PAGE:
Rachel Green fills a basket with barbecued baked beans Saturday at the Taste of South Routt event in Oak Creek. Green, the woman behind Rachel's Smokin' BBQ sauce, offered up barbecued dishes all afternoon.

Photo by Joel Reichenberger

Rachel Green fills a basket with barbecued baked beans Saturday at the Taste of South Routt event in Oak Creek. Green, the woman behind Rachel's Smokin' BBQ sauce, offered up barbecued dishes all afternoon.

Variety of food offered at Taste of South Routt

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Darrell Randall tends to a grill filled with pork and teriyaki kabobs at the Fun Bucket tent Saturday at the Taste of South Routt event in Oak Creek.

— South Routt standbys and new faces graced the booths at Saturday's Taste of South Routt at Decker Park in Oak Creek.

Chelsea's Restaurant and Rachel's Smokin' BBQ Sauce were among those offering meals, and the new Fun Bucket and the incoming Sumatra's restaurant also sold food to hungry revelers. Twenty vendors spread out under a blue raspberry sno-cone sky, selling food and wares to hundreds.

The event included about 10 percent more vendors than last year, organizers said. Ken Montgomery, president of the South Routt Economic Development Council, said he expected about 500 people to show up. That's average for Taste of South Routt, which is in its 12th year.

"We had a real good turnout throughout the county with donating prizes for the silent auction and door prizes," Montgomery said.

Rachel Green sold ribs, sausages, brisket, pulled pork and other meat from her

tent. Green brought enough for about 150 people, and she was running low by about 3:30 p.m.

"It's a very good day," she said. "A very, very good day."

She's been making sauce since 1989 and has participated in the Taste of South Routt for about a decade. Green served the crowds meat from her smoker, which Phippsburg resident Lynn Whaley made for her out of an old mine light.

"He made that for me special," Green said. "I'm not sure I ever paid him all the money. I just let him eat free."

Steamboat Springs residents Mary and Elizabeth Mayer stood enjoying the live music and drinks. The mother and daughter said they come each year and typically head for Rachel's. Elizabeth Mayer used to live in Oak Creek and uses the event as a chance to return and hang out.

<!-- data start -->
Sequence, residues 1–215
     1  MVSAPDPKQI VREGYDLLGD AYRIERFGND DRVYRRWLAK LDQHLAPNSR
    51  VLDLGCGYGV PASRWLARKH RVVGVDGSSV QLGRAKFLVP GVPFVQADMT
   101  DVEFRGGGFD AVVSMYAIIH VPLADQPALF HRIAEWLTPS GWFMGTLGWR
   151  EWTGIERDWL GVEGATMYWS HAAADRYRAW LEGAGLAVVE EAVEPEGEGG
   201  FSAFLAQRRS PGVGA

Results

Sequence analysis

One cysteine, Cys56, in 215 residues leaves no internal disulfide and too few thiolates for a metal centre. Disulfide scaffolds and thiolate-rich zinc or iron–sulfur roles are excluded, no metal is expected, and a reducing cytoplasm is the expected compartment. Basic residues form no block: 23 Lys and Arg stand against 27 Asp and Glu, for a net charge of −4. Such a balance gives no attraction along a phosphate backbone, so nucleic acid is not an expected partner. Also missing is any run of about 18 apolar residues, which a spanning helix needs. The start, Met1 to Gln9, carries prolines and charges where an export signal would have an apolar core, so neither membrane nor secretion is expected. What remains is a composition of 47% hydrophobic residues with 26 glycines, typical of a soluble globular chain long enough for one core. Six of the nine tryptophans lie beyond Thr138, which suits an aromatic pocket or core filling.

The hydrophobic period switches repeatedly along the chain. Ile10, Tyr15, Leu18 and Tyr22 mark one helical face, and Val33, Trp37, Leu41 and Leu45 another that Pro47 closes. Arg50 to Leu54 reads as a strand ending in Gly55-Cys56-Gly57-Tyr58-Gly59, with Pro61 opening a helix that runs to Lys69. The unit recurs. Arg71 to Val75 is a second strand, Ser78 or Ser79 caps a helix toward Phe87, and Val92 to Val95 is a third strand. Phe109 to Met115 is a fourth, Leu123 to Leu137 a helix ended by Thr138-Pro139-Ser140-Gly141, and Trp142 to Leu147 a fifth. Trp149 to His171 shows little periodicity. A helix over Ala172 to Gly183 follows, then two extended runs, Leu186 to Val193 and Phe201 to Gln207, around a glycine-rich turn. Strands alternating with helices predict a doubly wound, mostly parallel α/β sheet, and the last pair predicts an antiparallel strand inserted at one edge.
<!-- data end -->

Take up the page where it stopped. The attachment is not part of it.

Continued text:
It's worth the drive because of the "small-town atmosphere, music and food," Mary Mayer said.

Near Green's tent, folks sampled gulai ayan, or Indonesian chicken curry. Lia Blarecoats sold the curry, spring rolls and soto beef to promote her incoming restaurant, Sumatra's. She bought Judy's Country Donuts and Bakery a few months ago, and Sumatra's will be there.

Blarecoats, who is from Indonesia, plans to sell doughnuts in the morning and Asian food at night. She won't have Chinese food but will offer pho, pad Thai and other dishes.

She was pleased with the response to her food.

"They love it because it's actually spicy," Blarecoats said.

She said she also was glad to have an event to promote Sumatra's.

"I love to cook, so I'm really kind of ready to get some food to people here," Blarecoats said.

Across the grass, organizer Julie Hoff ran the silent auction and the door prizes. She said she was happy with the perfect weather and the turnout.

The event is popular partly because it's ingrained in the South Routt community, Hoff said.

"People come because it's what you do," she said.

- To reach Blythe Terrell, call 871-4234

or e-mail bterrell@steamboatpilot.com

Comments

greenwash 5 years, 2 months ago

It was a great time.

My thoughts go out to anyone in the restauraunt biz especially in OC.I guess non of them need to actually make any money.Do you no how many people you need to serve on a daily basis to make money?It just aint going to happen.Good Luck tho.

I do hear the Cantina Taco house is open once again and pretty good.

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